$$\begin{array}{@{}rcl@{}} p_{(k,r)\rightarrow(k,r)} &=& \epsilon_{1}+(1-\epsilon_{1})\frac{q^{k}}{q^{M}}, \end{array} $$
$$\begin{array}{@{}rcl@{}} p_{(k,r)\rightarrow(k,r+1)} &=& 0, \end{array} $$
$$\begin{array}{@{}rcl@{}} p_{(k,r)\rightarrow(k+1,r)} &=& (1-\epsilon_{1})\left(1-\frac{q^{k}}{q^{M}}\right)\left(\epsilon_{2}+(1-\epsilon_{2})\frac{q^{r}}{q^{k+1}}\right), \end{array} $$
$$\begin{array}{@{}rcl@{}} p_{(k,r)\rightarrow(k+1,r+1)} &=& (1-\epsilon_{1})\left(1-\frac{q^{k}}{q^{M}}\right)(1-\epsilon_{2})\left(1-\frac{q^{r}}{q^{k+1}}\right).\\ \end{array} $$

and for r<k=M,

$$\begin{array}{@{}rcl@{}} p_{(k,r)\rightarrow(k,r)} &=& \epsilon_{2}+(1-\epsilon_{2})\frac{q^{r}}{q^{k}}, \end{array} $$
$$\begin{array}{@{}rcl@{}} p_{(k,r)\rightarrow(k,r+1)} &=& (1-\epsilon_{2})\left(1-\frac{q^{r}}{q^{k}}\right), \end{array} $$
$$\begin{array}{@{}rcl@{}} p_{(k,r)\rightarrow(k+1,r)} &=& 0, \end{array} $$
$$\begin{array}{@{}rcl@{}} p_{(k,r)\rightarrow(k+1,r+1)} &=& 0. \end{array} $$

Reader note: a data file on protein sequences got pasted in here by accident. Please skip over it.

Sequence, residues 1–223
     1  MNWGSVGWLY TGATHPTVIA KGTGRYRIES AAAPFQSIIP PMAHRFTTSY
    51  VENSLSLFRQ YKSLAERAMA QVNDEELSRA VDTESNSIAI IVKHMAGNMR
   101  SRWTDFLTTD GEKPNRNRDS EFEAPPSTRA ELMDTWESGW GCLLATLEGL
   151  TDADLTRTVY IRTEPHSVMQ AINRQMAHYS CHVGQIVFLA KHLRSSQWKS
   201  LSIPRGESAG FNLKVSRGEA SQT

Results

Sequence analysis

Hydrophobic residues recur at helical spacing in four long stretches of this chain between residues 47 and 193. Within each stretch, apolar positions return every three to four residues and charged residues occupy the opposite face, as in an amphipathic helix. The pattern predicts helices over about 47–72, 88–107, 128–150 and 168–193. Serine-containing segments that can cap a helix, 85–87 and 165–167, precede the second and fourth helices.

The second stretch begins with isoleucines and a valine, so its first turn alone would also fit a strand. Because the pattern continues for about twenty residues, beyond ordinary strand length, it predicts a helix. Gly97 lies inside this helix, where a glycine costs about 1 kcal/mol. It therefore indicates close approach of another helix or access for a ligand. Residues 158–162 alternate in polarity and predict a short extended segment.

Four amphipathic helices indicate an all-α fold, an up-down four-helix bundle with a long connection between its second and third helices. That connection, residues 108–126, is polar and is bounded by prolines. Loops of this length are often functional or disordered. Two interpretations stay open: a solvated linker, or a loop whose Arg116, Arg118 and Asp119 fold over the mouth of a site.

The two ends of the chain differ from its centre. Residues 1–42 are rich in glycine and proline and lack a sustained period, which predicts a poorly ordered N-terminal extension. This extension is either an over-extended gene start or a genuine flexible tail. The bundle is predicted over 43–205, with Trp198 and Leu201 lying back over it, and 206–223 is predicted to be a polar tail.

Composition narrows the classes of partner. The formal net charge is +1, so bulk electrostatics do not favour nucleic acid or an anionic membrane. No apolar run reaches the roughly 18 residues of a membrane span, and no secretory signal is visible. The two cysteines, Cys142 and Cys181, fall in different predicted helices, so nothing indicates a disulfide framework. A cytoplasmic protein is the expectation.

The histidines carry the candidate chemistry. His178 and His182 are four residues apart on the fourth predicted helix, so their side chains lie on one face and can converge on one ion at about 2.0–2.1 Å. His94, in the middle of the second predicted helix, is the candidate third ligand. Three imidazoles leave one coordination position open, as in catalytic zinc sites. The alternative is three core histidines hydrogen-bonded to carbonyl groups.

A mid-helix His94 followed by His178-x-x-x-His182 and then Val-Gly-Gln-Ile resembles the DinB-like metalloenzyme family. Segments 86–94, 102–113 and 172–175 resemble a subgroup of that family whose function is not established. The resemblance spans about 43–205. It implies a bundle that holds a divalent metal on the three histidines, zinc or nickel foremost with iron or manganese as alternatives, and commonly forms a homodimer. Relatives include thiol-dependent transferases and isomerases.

Appendix 2: proof of Theorem 1

We prove the theorem by examining the probability that a received packet at D is innovative with respect to (w.r.t.) previously received packets. S2HNC will be shown to have a larger such probability at any time than RLNC. The completion time is inversely proportional to this probability because the process of D collecting innovative packets is Markovian, i.e., the probability whether a received packet is innovative only depends on the number of innovative packets that D has received so far.

Consider a S2HNC with fixed M 1 and M 2. In the first \(T_{1}=\min \left (\frac {M_{1}}{R_{1}},\frac {M_{2}}{R_{2}}\right)\) network uses, packets transmitted on paths S-A and S-B are all distinct uncoded packets. The information flows on the two paths are therefore independent. Using the results from Section 3, it is clear that on either path, using S2HNC will result in more innovative packets at D than using RLNC after T 1 network uses.

During the time period from T 1 to \(T_{2}=\max \left (\frac {M_{1}}{R_{1}},\frac {M_{2}}{R_{2}}\right)\), one of the paths will be transmitting RLNC packets coded over the M source packets while the other one is transmitting uncoded packets. Without loss of generality, we assume that S-A is the one transmitting RLNC packets, i.e., \(\frac {M_{1}}{R_{1}}<\frac {M_{2}}{R_{2}}\). Now, the proof reduces to showing that transmitting uncoded packets on S-B while transmitting RLNC-coded packets on S-A is indeed beneficial compared to transmitting RLNC-coded packets on both S-B and S-A.